My phone screamed on the bedside table at 4:30 a.m. I’d been playing poker at a home game in Culver City until late in the night, so I didn’t answer, and I also didn’t answer the other six times it rang in the next two hours. When I finally woke up, I had a text from the “BBC OS” asking if I could talk. “What is the BBC OS?” I wondered. Then I realized it was the actual BBC’s Overnight Service. Still, why were they calling me at dawn? And then when I went online, I realized they wanted to know my thoughts about the fact that Snoop Dogg had announced, on his Instagram, that he, “after much consideration and conversation with my family … decided to give up smoke.” He accompanied this announcement with a photo of himself, hands in prayer, looking quite plaintive.
Well, this was news, relevant to my life. I publicly gave up marijuana, and all THC products, in 2017, recently celebrated six years sober and have made myself a low-key public face of weed addiction and recovery.
If I’d answered, my thoughts would have been “WHHUUUUUH?” But now that I’ve had some coffee and a couple hours to compose myself, I do have some actual thoughts.
Snoop followed his first post with a very serious-looking selfie, and the caption “respect my privacy.” I posted something very similar after beginning my recovery, without the calls for “respect,” which I hadn’t earned, and “privacy,” which I already possessed, because I was living in relative obscurity in a Texas suburb. But Snoop is one of our most famous public figures, who for decades has been the face of public marijuana overconsumption. People met his “give up smoke” announcement with surprise, mockery and skepticism.
The skepticism is well-earned, as Snoop is one of the savviest self-promoters alive. People are speculating that this is a publicity stunt for a new line of edible marijuana gummies. “Quitting smoke” is not the same thing as giving up THC cold turkey. If this is the case, then it’s annoying that anyone called me at all. Snoop doesn’t need my promotional help. Marijuana is big business, and he’s one of our biggest businessmen. No one sells as well as he does. That’s fine, buy Snoop’s gummies, they’ll get you real high.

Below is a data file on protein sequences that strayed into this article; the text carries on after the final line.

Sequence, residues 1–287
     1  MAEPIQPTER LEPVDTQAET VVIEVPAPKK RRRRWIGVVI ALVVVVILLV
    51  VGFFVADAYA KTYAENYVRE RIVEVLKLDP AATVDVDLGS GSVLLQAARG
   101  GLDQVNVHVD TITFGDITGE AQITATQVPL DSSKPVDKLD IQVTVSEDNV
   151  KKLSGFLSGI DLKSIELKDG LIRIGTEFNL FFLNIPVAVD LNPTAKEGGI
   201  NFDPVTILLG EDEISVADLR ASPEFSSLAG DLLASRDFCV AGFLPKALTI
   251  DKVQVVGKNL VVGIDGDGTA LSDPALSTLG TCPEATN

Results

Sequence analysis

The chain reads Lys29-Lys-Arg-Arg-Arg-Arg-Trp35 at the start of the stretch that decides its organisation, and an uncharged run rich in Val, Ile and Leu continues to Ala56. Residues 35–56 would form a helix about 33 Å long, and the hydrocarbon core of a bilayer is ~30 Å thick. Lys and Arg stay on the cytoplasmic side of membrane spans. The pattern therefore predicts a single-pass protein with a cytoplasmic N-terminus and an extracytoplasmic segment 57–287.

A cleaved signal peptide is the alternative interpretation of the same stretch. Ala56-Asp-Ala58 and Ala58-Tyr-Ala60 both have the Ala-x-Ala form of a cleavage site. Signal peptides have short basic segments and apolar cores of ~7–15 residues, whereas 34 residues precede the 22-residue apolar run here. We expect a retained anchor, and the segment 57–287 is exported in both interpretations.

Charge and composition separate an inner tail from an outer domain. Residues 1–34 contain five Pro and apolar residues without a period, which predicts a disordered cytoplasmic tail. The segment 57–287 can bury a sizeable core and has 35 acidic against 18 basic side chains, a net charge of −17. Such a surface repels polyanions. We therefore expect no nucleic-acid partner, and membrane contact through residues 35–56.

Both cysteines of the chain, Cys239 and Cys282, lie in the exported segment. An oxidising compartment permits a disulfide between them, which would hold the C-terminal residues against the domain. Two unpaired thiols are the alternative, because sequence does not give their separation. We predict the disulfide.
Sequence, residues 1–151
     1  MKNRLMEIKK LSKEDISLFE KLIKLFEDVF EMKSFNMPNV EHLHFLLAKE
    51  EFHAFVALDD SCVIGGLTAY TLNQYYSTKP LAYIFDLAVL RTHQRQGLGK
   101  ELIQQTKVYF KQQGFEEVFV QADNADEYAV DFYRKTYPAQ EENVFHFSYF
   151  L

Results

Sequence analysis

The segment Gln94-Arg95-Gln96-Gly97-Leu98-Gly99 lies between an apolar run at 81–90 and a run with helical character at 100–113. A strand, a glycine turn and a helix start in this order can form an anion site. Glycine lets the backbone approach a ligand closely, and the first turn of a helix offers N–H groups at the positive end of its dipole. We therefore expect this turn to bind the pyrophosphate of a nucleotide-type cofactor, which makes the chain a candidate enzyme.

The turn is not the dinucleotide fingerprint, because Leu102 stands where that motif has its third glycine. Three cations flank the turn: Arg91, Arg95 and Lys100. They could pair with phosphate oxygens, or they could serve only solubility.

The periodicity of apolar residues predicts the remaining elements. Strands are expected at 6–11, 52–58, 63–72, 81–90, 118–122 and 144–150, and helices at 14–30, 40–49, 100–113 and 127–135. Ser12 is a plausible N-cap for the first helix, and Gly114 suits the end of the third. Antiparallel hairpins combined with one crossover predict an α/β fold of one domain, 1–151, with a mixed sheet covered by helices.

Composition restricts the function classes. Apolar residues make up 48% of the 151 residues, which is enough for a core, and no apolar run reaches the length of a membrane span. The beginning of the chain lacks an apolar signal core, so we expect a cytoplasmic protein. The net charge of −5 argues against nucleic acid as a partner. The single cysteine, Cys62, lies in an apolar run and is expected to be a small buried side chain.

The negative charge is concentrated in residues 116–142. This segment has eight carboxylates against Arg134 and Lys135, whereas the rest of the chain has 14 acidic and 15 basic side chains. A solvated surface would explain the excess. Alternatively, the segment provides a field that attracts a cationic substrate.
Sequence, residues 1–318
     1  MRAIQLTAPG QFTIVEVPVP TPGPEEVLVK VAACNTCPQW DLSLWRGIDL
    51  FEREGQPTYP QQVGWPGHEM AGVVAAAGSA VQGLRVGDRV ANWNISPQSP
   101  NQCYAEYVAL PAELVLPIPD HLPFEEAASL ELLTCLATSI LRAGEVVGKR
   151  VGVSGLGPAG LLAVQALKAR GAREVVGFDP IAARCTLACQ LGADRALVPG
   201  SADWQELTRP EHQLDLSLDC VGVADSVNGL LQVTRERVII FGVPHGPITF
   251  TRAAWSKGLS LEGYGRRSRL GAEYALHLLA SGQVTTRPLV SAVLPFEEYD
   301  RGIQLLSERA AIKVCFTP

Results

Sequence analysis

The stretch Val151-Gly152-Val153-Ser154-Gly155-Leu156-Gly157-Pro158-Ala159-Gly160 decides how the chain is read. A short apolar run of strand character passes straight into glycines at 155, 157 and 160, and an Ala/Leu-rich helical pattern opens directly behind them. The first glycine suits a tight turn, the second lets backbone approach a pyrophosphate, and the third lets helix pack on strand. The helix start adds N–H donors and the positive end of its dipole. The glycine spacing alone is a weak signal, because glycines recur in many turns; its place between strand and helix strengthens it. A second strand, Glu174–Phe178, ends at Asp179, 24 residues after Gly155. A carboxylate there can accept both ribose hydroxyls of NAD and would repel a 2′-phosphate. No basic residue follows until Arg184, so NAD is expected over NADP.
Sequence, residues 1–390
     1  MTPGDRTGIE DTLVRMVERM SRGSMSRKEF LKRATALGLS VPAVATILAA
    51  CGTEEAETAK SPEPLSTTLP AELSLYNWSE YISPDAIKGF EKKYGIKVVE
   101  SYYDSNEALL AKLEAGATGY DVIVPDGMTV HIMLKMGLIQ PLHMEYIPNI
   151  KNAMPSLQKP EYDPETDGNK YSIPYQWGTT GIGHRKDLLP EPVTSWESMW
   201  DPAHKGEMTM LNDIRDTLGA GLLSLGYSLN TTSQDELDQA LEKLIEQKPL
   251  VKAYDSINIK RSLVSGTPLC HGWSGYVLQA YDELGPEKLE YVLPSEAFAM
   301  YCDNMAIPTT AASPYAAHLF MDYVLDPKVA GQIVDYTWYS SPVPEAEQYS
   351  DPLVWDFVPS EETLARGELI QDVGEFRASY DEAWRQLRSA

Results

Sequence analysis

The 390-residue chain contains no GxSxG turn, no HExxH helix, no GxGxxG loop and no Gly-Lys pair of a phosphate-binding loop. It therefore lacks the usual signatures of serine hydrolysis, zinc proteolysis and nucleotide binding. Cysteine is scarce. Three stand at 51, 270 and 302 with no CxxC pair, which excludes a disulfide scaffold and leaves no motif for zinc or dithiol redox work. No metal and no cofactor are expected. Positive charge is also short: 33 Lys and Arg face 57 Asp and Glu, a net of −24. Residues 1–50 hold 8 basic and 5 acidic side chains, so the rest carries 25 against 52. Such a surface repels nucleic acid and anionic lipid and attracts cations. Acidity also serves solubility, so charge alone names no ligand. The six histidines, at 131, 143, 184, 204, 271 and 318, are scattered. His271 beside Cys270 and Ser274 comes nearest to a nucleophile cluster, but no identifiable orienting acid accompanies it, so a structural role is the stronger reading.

But it’s also true that marijuana, in all its forms, is a highly addictive substance, and it can quietly destroy people’s lives, whether they’re rich and famous or not. It would be a lie to say I’ve heard from “thousands of people” on this topic, since that would indicate I have a bestseller on my hands, which I do not. But since I published my memoir, Pothead, about my journey from occasional user to a 24/7 mega-stoner prone to public near-psychotic meltdowns, I have regularly heard from two or three people a month via email or social media, some of them total strangers. Many people out there are struggling with weed addiction themselves or are intimately acquainted with someone who is, and they need someone actually famous who can help bring real attention to their problems.
On the off chance that Snoop Dogg needs us to respect his privacy because he really is quitting weed — and I hold out that’s a possibility, as he’s a fifty-two-year-old grandfather and staying stoned forever does have its long-term effects — then he’s about to perform a huge public service. Marijuana should be legal, but it’s also highly addictive and damages the lives of many people who don’t have Snoop’s vast networks and resources.
Maybe Snoop really wants to recover from weed addiction and needs a sponsor. So I’m declaring myself available. As long as he doesn’t call me at 4:30 in the morning.